Next time it might be a good idea to copy and paste the entire article into the thread. Your link takes you to the main page for the houston chronicle online and it is very hard to find the story.
I did find something about it although I don't think there is anything here about her riding a bicycle and this happened last august:
Oct. 11, 2005, 11:08PM
'Parlor trick': school bus murder tag
By RICK CASEY
Copyright 2005 Houston Chronicle
Nobody in the world thinks a Pasadena school bus driver intentionally ran over 9-year-old Ruth Young last August.
Not even the prosecutor who has charged him in court with murder.
"It's clear from the evidence that he didn't see her and didn't realize she was there," said Assistant District Attorney Warren Diepraam on Tuesday.
The 41-year-old driver, Jerry Michael Cook, is more than remorseful. He has reportedly sought psychiatric help.
There is no measuring his personal tragedy against that of the family that lost their little girl.
They don't get to watch their daughter grow up and enjoy her as an adult.
He has to live the rest of his life emotionally trying to take back the moment he realized he had run over her.
Both tragedies are unspeakably horrific.
The murder charge, however, only adds to the horror for Cook without lessening the horror for the Young family.
What's more, it is a perversion of the law.
Prosecutor Diepraam admits the evidence is not sufficient to charge Cook with manslaughter.
Descending order of crimes
"For a manslaughter charge, the prosecution has to show that a person knew about the danger and consciously disregarded the danger," he said. "In this situation, I would have to show he knew the little girl was there and drove over her anyway. That clearly didn't happen."
So how did Diepraam charge him with murder?
To understand, we need to review Chapter 19 of the Texas Penal Code, which covers criminal homicide.
The chapter divides homicide into a descending order of crimes: capital murder, which can result in the death penalty; murder, a first-degree felony; manslaughter, a second-degree felony; and, the lowest level, criminally negligent homicide, a state jail felony.
Diepraam also charged Cook with this lowest-penalty homicide.
The code says one is guilty if "he causes the death of an individual by criminal negligence."
Glad not to be on jury
Texas law defines criminal negligence as an action in which a person "ought to be aware of a substantial and unjustifiable risk that the circumstances exist or the result will occur. The risk must be of such a nature and degree that the failure to perceive it constitutes a gross deviation from the standard of care that an ordinary person would exercise under all the circumstances as viewed from the actor's standpoint."
Most of us will be glad we aren't on the jury that has to decide whether Cook's behavior even met this definition. But how does Diepraam take it up two notches to murder?
Texas law provides three ways of committing murder. You can intentionally kill a person, or you can intend to hurt him or her real bad and do so in a way that leads to death.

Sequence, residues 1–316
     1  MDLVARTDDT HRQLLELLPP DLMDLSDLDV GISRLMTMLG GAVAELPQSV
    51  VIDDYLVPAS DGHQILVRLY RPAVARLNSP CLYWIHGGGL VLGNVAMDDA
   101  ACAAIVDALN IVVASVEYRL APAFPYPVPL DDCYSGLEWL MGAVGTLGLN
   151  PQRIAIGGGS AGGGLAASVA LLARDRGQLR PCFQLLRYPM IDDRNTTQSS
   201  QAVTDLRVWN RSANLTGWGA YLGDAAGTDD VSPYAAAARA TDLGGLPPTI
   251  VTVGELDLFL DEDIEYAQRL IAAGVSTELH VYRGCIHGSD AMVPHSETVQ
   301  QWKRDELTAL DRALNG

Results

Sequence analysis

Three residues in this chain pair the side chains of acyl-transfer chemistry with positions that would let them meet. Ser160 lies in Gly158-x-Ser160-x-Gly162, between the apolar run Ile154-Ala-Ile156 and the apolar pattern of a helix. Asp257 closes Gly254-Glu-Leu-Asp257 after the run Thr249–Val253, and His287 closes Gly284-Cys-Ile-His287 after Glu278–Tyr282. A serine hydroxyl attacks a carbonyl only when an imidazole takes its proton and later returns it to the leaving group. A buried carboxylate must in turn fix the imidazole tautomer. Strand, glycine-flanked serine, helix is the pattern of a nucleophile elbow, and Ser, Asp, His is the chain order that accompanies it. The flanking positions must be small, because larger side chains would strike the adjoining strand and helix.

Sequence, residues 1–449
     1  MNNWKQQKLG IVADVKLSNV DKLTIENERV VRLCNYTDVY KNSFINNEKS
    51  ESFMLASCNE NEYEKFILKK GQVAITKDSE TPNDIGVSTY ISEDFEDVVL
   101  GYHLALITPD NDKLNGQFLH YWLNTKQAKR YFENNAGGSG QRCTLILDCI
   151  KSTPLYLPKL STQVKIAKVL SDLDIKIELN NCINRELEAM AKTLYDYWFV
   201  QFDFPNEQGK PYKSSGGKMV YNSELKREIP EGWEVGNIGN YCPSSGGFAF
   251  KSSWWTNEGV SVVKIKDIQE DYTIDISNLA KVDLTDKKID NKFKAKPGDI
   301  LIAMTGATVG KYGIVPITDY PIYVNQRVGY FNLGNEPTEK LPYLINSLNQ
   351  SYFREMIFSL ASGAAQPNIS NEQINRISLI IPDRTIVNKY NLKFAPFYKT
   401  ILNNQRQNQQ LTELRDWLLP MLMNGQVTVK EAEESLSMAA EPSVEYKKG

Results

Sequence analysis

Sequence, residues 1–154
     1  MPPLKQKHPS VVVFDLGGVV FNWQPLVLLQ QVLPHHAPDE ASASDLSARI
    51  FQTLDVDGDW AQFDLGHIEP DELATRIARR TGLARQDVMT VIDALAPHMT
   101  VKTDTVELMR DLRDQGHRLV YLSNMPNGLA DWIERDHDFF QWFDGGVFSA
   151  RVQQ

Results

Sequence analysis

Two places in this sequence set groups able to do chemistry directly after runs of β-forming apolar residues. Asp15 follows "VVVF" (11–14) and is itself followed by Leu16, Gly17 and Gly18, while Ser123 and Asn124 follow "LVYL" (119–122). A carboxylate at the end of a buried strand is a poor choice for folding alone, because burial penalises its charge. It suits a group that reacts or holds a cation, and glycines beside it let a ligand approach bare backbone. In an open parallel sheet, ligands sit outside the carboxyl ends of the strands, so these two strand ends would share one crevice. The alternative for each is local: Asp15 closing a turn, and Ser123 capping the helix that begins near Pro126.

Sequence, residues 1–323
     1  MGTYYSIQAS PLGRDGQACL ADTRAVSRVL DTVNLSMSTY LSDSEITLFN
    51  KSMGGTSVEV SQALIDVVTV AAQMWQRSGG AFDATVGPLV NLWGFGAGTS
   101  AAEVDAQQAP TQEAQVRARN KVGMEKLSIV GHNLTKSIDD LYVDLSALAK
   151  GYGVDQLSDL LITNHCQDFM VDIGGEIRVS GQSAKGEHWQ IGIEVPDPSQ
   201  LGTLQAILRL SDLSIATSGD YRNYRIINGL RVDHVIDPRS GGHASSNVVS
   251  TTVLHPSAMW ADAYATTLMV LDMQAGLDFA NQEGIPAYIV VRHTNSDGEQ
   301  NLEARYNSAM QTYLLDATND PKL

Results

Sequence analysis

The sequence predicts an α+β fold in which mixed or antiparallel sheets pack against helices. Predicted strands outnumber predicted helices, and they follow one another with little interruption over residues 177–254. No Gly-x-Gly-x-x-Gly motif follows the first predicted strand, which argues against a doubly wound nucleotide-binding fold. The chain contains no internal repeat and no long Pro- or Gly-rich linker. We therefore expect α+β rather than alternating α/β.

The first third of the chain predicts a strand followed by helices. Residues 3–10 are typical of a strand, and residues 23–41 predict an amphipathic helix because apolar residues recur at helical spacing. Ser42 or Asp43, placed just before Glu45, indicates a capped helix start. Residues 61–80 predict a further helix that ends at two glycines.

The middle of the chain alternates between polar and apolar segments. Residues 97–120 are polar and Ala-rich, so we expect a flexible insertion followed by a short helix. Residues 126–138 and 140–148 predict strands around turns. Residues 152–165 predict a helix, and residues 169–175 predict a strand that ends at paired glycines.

The third way: If a person commits or attempts to commit a felony "other than manslaughter" and during the crime or the immediate flight from the crime "commits or attempts to commit an act clearly dangerous to human life that causes the death of an individual."
The Legislature wanted to make sure, for example, that if a bank robber recklessly shot up a bank on his way out and unintentionally killed someone, it would be murder.
But by exempting manslaughter as a crime, lawmakers appear to be saying that you can't trump up a lower level homicide into a higher level one under this provision.
Mitchell Berman, the Bernard J. Ward Centennial Professor of Law at the University of Texas Law School, specializes in the philosophy of criminal law.
He offered a one-word assessment of charging Cook with murder: "Outrageous."
Asked to explain, he said, "It makes a mockery of the statutory scheme. The whole point of providing grades of homicide is to distinguish the most serious from the least, generally tied to the culpability of the offender."
He said culpability is determined by intent, knowledge, recklessness and negligence.
"What's the point of breaking homicide into degrees if we allow anyone to undermine that system by ratcheting up cases that are paradigmatic of lower degrees of homicide to higher ones?" he asked.
Then he added, more quotably, "It's like a parlor trick."
Diepraam, who still has to take the case to a grand jury, based his decision on a passionate dislike of vehicular fatalities and a passionate concern for children.
"If you're not safe in a crosswalk, where are you safe?" he asked. "He had the absolute duty to regard that, and he didn't. He was in a rush. He looked to his left and not to his right."
I admire passion in prosecutors.
But they still should follow the law.
UT's Berman believes current case law won't allow Diepraam to build a murder case on negligent homicide, because it is a lesser included charge to manslaughter.
I hope he's right.
You can write to Rick Casey at P.O. Box 4260, Houston, TX 77210, or e-mail him at email@example.com